Cal Crutchlow has his sights set on returning Ducati to the MotoGP podium this season.

Ducati failed to claim a rostrum last year, for the first time since joining MotoGP in 2003. But while team-mate Andrea Dovizioso was non-committal in terms of Ducati's 2014 chances, new signing Crutchlow - who collected four podiums with Tech 3 last season - declared:

"Yes, we can make the podium, we have been there before... I think you will be surprised and I think we will also be surprised. We did three tests at two different circuits and already the difference in lap time for Andrea last year at Sepang in race trim, compared to what he did this time, is a big, big difference.

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"The reality is it is difficult to challenge the riders in the top four, or even the top five or six, but you never say never and I think our bike will go well at certain circuits. I feel we are better than what we look at the moment, but we need to improve the bike to be competitive every week, not just at one or two races because we take an advantage.

"My goal is to bring Ducati back to the front and to be there week in, week out, not just to be competitive at one or two races. I think we are heading in the right direction."

The big news this winter has been Ducati's change from the Factory to Open class.

"I don't think it changes our attitude or philosophy of how we need to progress with the bike," commented Crutchlow of the Open move, which allows greater development, fuel and engine changes in returning for using the standard ECU software.

"The move to the Open category is a chance for us and Gigi [Dall'Igna] to develop, not take an advantage for four more litres of fuel. We can look at all areas to progress, not just that area. Other riders have what they have and their manufacturers took that decision."

Crutchlow was speaking at the Audi Forum in Munich - prior to this evening's unveiling of the 2014 team livery, when he will wear full factory colours for the first time.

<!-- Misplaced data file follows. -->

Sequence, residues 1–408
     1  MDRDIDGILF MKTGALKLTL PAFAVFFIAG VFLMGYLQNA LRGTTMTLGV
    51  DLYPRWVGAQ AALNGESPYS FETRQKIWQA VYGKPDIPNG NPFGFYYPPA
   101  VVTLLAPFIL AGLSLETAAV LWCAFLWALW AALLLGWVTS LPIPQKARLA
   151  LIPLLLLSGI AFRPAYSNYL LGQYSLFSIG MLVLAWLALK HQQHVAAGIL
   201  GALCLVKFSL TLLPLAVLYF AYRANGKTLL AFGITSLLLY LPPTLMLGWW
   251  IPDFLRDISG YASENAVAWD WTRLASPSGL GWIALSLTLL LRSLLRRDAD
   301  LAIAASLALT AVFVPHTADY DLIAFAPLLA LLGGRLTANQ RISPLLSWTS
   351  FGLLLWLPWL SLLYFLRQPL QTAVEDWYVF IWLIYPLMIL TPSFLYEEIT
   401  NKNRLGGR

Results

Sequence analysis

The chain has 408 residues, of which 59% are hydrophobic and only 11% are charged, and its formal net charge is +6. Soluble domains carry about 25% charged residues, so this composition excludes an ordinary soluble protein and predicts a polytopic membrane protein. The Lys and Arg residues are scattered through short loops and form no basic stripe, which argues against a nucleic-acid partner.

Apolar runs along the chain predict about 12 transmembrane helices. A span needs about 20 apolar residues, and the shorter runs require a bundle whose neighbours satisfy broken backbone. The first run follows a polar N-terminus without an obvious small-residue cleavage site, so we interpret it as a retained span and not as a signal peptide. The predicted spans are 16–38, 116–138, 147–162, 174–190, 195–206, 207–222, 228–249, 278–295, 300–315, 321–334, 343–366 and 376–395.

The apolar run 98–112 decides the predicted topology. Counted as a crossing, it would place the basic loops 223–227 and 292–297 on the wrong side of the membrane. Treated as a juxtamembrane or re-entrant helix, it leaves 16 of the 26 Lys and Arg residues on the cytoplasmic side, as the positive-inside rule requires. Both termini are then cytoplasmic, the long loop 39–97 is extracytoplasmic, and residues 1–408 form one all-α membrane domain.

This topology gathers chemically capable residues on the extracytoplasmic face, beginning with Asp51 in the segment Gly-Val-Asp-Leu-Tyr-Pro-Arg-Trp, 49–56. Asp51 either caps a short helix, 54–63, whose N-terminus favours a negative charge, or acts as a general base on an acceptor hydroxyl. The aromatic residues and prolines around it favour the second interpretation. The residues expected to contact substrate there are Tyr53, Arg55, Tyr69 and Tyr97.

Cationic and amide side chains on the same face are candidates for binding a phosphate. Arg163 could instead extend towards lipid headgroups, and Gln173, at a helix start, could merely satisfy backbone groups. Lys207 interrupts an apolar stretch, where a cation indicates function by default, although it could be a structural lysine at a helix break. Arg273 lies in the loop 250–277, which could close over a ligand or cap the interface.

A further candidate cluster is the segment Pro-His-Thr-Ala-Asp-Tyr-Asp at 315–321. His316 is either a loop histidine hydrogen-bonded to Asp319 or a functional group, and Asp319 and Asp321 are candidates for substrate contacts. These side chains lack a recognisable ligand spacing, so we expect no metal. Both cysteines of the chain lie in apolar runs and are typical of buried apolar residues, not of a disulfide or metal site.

"We are starting a new chapter for my fourth season in MotoGP, my first as a Ducati factory rider," he said. "I'm looking forward to getting on the bike and getting into the first race, so everybody is working fantastically hard.

"We have progressed a lot since I got on the bike in November at Valencia, from Gigi to Paolo [Ciabatta] and all the guys on my side of the garage, we are working at 100 per cent to get the results that Ducati want, need and deserve.

"The crucial thing was Gigi coming in and changing some things around, understanding our comments and what we wanted from the package. We brought the GP14 to the Malaysia test and I immediately started feeling better and more comfortable on it.

"We went to Australia and the bike seemed good there. I was pleased and positive. We were able to brake a lot harder than we had been able to on the previous bikes, so step by step... One tenth here, one tenth there makes a better lap time.

"You can't just take one chunk, development is the crucial key, so mine and Andrea's information will be crucial in improving the GP14."